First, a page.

What Psychonauts does right

I’m not going to say “Write more like Tim Schafer and Eric Wolpaw,” because that’s useless. What I’m planning to look at in this series is simple and clever thematic tricks that more games should use.

So you complete the tutorial and the front door opens to let you into the main hub world – in the fiction, it’s a summer camp. It’s big enough to get lost in, with enough secrets to feel mysterious. The exploration is fun, but the main attraction is the NPC’s; the camp is filled with kids, all having conversations with you and each other. They’re well-written enough to be charming. These same NPC’s are there every time you come back into the hub, always in a different place doing something new. It’s unlikely that you’ll hear everything they can say the first time around. The constant changing of these NPC’s makes the camp feel alive.

At a certain point – the point when a good player has found most of the secrets in the camp – the main villain makes all the NPC’s disappear. He’s stolen their brains. It’s now night-time, and the hub feels silent and empty. As you find the last secrets, it only becomes more hollow.

The inevitable late-game draining of content is played as an emotional punch to the gut. The hub that seemed alive with secrets and possibilities before is now totally mapped out, devoid of content, and dead. The villain stole the content. You have to go rescue it. There’s nothing more for you here; you have to move on, and finish the game.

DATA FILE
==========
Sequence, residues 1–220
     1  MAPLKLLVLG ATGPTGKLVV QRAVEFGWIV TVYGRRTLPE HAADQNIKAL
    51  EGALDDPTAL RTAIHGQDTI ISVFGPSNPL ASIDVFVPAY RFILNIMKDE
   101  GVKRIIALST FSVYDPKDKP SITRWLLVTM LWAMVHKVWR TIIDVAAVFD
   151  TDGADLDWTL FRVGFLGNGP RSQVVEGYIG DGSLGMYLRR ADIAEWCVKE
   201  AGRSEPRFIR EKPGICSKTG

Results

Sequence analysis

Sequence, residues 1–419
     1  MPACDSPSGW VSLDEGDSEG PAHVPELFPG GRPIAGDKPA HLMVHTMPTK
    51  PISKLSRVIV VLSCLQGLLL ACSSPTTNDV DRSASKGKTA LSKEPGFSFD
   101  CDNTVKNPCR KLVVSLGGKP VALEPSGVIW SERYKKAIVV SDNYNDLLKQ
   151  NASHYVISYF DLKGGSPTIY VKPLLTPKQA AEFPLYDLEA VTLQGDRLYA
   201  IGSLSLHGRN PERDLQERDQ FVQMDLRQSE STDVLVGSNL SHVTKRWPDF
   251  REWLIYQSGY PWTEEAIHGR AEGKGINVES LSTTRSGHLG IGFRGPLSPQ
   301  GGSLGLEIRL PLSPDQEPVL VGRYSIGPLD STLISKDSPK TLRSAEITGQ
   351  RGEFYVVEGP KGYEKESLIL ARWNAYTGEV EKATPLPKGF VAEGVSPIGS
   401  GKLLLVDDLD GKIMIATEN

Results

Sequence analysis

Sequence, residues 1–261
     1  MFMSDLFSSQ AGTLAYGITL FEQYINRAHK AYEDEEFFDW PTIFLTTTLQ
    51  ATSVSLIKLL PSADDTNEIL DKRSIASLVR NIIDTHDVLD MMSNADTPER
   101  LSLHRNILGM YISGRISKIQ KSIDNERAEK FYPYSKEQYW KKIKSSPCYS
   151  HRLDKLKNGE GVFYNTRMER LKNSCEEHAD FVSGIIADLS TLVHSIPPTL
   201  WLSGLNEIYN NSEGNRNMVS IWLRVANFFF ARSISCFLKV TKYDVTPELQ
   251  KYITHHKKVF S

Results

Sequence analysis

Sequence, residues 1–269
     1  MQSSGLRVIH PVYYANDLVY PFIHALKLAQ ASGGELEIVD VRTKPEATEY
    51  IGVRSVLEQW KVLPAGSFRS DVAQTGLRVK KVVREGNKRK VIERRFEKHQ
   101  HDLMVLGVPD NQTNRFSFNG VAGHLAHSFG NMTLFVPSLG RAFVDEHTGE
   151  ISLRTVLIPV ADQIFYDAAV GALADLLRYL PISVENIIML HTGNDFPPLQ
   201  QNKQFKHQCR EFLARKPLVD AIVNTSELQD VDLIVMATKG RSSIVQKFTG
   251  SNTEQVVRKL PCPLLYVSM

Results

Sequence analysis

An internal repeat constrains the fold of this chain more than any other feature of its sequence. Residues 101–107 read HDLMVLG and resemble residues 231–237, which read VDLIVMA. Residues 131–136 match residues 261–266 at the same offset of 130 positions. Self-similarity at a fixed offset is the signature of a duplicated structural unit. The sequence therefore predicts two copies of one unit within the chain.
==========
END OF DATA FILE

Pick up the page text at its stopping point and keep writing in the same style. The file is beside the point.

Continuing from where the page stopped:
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About Jack McNamee

In the third year of a game design course in Queensland, Australia. Thinking a whole lot about games. Scrabbling desperately against the oncoming future.
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13 Responses to What Psychonauts does right

  1. Matt says:

    Great point about a great game. I love how Psychonauts works as a comedy, but at the same time it makes you care about the characters, so when they’re in jeopardy it really feels like there’s something at stake.

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